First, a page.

Work & Pensions Secretary Iain Duncan Smith arrives in Downing Street. Image: Getty
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Laurie Penny on welfare reform: Iain Duncan Smith had an epiphany, and it meant nothing

The religious language of sin and shame informs Tory welfare rhetoric, with its pulpit-thumping over "strivers" and "scroungers". But their overhaul has nothing to do with compassion or principle.

It is apparently known as the Easterhouse epiphany. One day in 2002, Iain Duncan Smith, then leader of the Conservative Party, now Work and Pensions Secretary, walked around the Easterhouse estate in Glasgow. He was reputedly so shocked by the deprivation he saw there, he decided that the welfare state needed to be destroyed, or at least completely rethought and rebuilt.
 
“I am happy to believe that Easterhouse was a critical moment for my policy,” Duncan Smith has said, “not because I hadn’t thought about this before – I had been beginning to find my way forward – but because I just realised there was something more to understand.” According to Iain Martin at the Telegraph, it was one of “the most remarkable and laudable conversions in public life for many a decade”.
 
In this conversion narrative of Conservative dogma, IDS is recast as a modern-day Siddhartha Gautama. Like the Indian prince who would one day become the Buddha, the Quiet Man descends from his palace of privilege to walk among the poor and needy, jolted by his encounter with inequality into a life of unstinting compassion. Except that nowhere is it written that the Buddha ever told a Treasury staffer that he would “bite [his] balls off and send them to [him] in a box”.
 
I have been attempting of late to write with more kindness. I have been trying to avoid spurious, ad hominemattacks and to argue with issues, not individuals.
 
So when I say that Iain Duncan Smith is a second-rate thinker and a third-rate leader who is wrecking civil society with his misguided moral crusade, I want you to understand that I mean it.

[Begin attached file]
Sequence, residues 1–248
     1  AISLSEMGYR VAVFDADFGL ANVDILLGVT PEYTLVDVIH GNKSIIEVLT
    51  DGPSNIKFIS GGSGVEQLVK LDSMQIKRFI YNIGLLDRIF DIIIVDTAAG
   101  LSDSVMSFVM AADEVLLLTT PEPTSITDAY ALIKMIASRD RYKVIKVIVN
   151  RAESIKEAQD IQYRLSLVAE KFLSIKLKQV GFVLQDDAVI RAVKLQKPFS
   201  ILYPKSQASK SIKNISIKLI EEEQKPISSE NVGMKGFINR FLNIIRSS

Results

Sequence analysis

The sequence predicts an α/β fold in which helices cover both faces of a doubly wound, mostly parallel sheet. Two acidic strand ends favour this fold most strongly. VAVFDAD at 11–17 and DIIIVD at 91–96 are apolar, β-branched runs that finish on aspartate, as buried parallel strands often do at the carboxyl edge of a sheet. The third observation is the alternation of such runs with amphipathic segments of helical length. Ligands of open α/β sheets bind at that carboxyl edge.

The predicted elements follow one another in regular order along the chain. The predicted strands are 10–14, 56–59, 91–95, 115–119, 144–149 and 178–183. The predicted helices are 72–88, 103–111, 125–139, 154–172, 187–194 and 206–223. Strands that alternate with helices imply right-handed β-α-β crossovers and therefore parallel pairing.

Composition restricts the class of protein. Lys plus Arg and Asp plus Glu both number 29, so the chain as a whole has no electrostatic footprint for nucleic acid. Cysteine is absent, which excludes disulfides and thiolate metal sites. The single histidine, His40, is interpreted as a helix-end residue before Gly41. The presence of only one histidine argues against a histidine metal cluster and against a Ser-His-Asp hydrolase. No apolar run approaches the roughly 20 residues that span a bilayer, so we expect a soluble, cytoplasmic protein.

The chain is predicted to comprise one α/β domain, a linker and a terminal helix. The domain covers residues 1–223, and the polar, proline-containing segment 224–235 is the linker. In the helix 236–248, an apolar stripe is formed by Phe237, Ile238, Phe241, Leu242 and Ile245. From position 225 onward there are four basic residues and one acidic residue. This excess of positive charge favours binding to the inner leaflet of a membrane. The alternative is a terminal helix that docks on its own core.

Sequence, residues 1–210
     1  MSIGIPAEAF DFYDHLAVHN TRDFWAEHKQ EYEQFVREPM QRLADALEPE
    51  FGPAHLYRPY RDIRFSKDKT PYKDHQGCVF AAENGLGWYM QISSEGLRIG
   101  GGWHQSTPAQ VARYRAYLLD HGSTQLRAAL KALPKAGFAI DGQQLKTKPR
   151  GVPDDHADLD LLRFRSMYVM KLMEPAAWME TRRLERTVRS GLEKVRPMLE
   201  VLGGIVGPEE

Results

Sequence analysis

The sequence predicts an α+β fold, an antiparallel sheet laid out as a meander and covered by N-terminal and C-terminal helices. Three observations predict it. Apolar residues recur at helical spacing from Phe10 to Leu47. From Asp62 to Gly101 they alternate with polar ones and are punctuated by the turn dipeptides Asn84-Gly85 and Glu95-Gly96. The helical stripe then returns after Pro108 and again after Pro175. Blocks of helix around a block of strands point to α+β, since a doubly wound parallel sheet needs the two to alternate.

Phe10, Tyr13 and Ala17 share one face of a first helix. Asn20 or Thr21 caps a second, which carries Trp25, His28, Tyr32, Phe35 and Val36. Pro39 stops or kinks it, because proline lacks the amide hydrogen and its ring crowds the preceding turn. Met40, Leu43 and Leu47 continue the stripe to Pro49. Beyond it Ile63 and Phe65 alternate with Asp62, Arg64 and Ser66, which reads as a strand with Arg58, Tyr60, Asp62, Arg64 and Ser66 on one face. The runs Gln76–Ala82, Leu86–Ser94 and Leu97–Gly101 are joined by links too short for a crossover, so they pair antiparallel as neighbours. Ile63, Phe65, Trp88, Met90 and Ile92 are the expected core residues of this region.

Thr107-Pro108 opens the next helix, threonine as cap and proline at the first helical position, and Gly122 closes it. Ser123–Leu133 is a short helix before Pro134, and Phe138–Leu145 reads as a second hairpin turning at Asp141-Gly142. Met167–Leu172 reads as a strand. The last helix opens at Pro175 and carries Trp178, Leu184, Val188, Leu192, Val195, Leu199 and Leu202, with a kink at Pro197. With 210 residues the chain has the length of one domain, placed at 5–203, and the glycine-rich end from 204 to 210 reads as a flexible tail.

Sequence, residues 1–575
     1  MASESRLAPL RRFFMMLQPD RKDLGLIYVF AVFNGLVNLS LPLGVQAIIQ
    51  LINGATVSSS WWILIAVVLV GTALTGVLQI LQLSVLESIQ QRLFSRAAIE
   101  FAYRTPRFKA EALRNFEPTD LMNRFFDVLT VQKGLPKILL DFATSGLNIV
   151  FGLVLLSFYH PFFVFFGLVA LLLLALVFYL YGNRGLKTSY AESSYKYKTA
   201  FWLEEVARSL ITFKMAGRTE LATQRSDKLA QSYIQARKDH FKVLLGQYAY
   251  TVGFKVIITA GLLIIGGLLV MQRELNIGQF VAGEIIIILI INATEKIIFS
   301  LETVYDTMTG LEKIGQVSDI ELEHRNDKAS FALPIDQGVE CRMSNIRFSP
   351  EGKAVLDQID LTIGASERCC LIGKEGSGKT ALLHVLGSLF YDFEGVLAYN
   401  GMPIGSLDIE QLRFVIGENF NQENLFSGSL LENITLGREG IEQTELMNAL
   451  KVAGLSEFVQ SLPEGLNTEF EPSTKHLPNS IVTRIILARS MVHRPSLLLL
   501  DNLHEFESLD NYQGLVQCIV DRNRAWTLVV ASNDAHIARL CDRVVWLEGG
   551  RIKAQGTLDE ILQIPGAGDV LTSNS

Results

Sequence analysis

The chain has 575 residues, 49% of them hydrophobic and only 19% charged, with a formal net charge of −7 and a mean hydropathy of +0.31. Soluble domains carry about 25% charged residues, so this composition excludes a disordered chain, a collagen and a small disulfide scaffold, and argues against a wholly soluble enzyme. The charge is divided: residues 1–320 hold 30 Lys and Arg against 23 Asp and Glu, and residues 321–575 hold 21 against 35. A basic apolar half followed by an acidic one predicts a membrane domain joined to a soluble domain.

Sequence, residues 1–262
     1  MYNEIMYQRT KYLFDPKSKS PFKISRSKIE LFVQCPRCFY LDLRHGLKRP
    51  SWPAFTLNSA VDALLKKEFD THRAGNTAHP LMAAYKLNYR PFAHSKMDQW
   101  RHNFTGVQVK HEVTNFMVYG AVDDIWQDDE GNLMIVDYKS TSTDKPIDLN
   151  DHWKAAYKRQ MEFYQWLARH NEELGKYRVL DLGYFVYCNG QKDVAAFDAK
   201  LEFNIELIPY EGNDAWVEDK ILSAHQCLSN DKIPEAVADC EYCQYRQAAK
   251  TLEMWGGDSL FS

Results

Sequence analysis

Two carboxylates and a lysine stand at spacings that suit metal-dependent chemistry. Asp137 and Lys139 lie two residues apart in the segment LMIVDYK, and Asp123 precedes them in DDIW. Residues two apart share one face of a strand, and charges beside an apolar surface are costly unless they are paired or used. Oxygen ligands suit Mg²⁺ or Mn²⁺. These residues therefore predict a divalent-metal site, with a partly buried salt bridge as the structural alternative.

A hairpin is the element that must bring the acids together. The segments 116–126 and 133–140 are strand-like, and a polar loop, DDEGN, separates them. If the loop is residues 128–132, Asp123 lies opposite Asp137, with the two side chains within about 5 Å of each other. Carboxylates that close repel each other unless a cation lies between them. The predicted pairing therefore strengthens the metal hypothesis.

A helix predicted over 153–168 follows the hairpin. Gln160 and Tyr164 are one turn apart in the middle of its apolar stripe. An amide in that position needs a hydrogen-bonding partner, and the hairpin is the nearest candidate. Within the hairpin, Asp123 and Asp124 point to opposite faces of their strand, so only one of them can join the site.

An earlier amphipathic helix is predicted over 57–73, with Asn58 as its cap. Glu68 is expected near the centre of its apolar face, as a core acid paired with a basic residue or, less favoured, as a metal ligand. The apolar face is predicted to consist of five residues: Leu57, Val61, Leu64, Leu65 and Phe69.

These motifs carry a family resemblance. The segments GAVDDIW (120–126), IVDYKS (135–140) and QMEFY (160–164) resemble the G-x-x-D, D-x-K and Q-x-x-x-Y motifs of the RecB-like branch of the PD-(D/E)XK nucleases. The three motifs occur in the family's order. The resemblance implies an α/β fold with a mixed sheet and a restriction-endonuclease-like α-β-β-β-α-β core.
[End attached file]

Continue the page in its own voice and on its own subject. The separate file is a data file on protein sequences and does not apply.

IDS, whose abbreviated name makes him sound like a chronic stomach complaint, is not the only Tory frontbencher to pretend to be on a quasireligious, reforming crusade. But he seems to approach his work with particular fervour and self-righteous indignation.
 
You can see it in his tantrums when someone questions his judgement in public. You can read about it in reports of aides, staffers and associates being reduced to tears or filing claims about alleged bullying on the job. When interrogated about the computer problems – or digital omnishambles, if you like – that has accompanied the introduction of the Universal Credit, IDS told parliament that the new benefit reforms aren’t really about practical matters, such as the proposed IT support system not working at all, but about “cultural change”.
 
The choice of wording is significant. It doesn’t matter whether or not Universal Credit will work in practice – and, indeed, its rollout has already been scaled back and delayed. What matters is changing the “culture”, from one in which everyone was entitled to a decent standard of living, and unemployment or illness did not have to trigger destitution, to one in which poverty and inequality are morally justified. After all, Universal Credit is intended to make “work pay” – whatever that means.